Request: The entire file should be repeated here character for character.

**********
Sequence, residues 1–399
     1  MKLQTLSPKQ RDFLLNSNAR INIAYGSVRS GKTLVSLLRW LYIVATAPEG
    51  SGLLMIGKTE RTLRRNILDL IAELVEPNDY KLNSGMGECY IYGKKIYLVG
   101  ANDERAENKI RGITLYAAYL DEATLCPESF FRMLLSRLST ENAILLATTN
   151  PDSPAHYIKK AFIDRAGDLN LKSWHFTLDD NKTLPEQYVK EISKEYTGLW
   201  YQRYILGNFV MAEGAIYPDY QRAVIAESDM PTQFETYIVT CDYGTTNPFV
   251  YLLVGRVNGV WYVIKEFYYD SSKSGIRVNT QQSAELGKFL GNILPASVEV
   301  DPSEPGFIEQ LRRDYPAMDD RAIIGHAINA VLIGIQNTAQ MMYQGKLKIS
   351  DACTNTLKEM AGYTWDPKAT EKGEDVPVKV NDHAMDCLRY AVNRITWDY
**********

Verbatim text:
Sequence, residues 1–399
     1  MKLQTLSPKQ RDFLLNSNAR INIAYGSVRS GKTLVSLLRW LYIVATAPEG
    51  SGLLMIGKTE RTLRRNILDL IAELVEPNDY KLNSGMGECY IYGKKIYLVG
   101  ANDERAENKI RGITLYAAYL DEATLCPESF FRMLLSRLST ENAILLATTN
   151  PDSPAHYIKK AFIDRAGDLN LKSWHFTLDD NKTLPEQYVK EISKEYTGLW
   201  YQRYILGNFV MAEGAIYPDY QRAVIAESDM PTQFETYIVT CDYGTTNPFV
   251  YLLVGRVNGV WYVIKEFYYD SSKSGIRVNT QQSAELGKFL GNILPASVEV
   301  DPSEPGFIEQ LRRDYPAMDD RAIIGHAINA VLIGIQNTAQ MMYQGKLKIS
   351  DACTNTLKEM AGYTWDPKAT EKGEDVPVKV NDHAMDCLRY AVNRITWDY